The Rainbow Effect

Different pigment combinations impart different shades to leaves. Good saturation of both anthocyanin and carotenoid results in brown color. This is the case when the leaf is senile or fallen. If carotenoids and anthocyanins are the two prominent pigments, the color of the leaf will be orange. Above all, based on the pH value of the anthocyanin pigment itself, it exhibits colors ranging from red to blue. Bilirubin, the pigment that gives the yellow color to the skin, eyes, and urine of those who suffer from jaundice, is also present in some plants and gives a yellow hue to plant parts. For example, the seeds of the white Bird of Paradise plant have an orange-colored fuzz on them, which is caused by Bilirubin.

Ageing Gracefully

When the leaves age, they turn yellow or red. When a leaf reaches the end days of its life, the chlorophyll in it breaks down allowing the plant to absorb back the nitrogen in it. Obviously, nature does not want the leaf to leave the body of the plant with the saved-up chlorophyll wasted in it. It is almost like the leaf giving its vital force back to the plant and crossing the rainbow bridge in an ultimate act of self-sacrifice.

Indoor Companions, Nutrition Treasure Troves

The colored plants are the favorites of any indoor gardener. Science says that the variegated patterns on leaves, when they are just white and green, are caused by plant mutation. These plants are the albinos of the plant kingdom. And many of them are known air purifiers and make them an indoor gardener’s coveted possessions.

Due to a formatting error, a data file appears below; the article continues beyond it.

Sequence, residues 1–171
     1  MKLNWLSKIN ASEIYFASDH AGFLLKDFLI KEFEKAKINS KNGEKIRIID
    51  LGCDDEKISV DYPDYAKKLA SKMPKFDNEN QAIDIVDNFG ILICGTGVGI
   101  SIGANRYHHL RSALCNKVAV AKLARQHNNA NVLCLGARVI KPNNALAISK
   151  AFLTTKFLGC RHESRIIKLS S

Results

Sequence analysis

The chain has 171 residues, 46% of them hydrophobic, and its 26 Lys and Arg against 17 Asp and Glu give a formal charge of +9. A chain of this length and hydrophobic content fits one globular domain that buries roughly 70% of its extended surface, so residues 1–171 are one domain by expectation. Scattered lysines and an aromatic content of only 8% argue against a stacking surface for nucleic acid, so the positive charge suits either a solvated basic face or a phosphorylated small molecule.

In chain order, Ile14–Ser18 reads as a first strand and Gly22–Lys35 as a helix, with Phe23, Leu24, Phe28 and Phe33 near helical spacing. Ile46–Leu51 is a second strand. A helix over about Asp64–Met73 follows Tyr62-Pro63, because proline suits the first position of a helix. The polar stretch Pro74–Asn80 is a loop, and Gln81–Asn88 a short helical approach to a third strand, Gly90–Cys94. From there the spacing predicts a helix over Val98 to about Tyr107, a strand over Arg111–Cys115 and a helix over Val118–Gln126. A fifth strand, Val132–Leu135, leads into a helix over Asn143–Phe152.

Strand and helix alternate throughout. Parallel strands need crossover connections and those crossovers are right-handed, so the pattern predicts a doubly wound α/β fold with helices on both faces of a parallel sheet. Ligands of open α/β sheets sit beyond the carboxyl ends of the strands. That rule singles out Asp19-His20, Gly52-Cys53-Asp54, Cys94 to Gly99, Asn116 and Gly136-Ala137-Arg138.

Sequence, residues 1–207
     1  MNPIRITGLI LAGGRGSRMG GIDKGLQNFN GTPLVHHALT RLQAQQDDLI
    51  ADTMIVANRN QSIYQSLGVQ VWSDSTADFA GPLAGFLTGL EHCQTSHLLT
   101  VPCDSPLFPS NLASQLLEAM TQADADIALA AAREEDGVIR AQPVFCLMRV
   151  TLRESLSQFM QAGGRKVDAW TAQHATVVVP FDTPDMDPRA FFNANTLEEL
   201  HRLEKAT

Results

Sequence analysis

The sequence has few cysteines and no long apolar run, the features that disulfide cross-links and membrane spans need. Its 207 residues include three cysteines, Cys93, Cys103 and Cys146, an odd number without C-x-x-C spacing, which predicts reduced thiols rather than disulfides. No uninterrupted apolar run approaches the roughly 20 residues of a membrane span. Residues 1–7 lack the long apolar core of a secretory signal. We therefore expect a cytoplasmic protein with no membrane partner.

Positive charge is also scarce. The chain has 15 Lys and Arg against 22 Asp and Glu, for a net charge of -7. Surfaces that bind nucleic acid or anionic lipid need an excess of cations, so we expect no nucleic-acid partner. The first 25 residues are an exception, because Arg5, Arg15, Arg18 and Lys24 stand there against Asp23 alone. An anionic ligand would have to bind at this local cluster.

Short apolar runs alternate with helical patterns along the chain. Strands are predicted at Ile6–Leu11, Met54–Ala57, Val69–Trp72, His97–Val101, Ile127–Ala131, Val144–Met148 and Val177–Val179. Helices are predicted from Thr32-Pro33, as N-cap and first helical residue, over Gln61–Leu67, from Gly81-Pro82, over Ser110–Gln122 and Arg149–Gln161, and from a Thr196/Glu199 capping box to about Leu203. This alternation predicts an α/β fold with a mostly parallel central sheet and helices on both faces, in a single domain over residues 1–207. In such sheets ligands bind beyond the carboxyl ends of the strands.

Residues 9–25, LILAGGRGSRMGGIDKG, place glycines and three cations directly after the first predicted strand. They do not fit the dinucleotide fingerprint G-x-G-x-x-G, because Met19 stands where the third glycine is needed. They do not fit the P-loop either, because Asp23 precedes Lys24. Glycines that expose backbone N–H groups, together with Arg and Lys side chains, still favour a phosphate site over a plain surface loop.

All these amazing facts about leaf color remind us that there is nothing in nature that has no purpose. Thus studying nature closely can give you an ability to understand the purpose of your own existence and impart you with a sense of meaning.

Comments

    0 of 8192 characters used
    Post Comment
    • Deepa damodaran profile imageAUTHOR

      Deepa 

      5 weeks ago from India

      Thank you bhattuc.

    • bhattuc profile image

      Umesh Chandra Bhatt 

      5 weeks ago from Kharghar, Navi Mumbai, India

      Nice hub. Well presented. Informative.

    working

    This website uses cookies

    As a user in the EEA, your approval is needed on a few things. To provide a better website experience, hubpages.com uses cookies (and other similar technologies) and may collect, process, and share personal data. Please choose which areas of our service you consent to our doing so.

    For more information on managing or withdrawing consents and how we handle data, visit our Privacy Policy at: https://maven.io/company/pages/privacy

    Show Details
    Necessary
    HubPages Device IDThis is used to identify particular browsers or devices when the access the service, and is used for security reasons.
    LoginThis is necessary to sign in to the HubPages Service.
    Google RecaptchaThis is used to prevent bots and spam. (Privacy Policy)
    AkismetThis is used to detect comment spam. (Privacy Policy)
    HubPages Google AnalyticsThis is used to provide data on traffic to our website, all personally identifyable data is anonymized. (Privacy Policy)
    HubPages Traffic PixelThis is used to collect data on traffic to articles and other pages on our site. Unless you are signed in to a HubPages account, all personally identifiable information is anonymized.
    Amazon Web ServicesThis is a cloud services platform that we used to host our service. (Privacy Policy)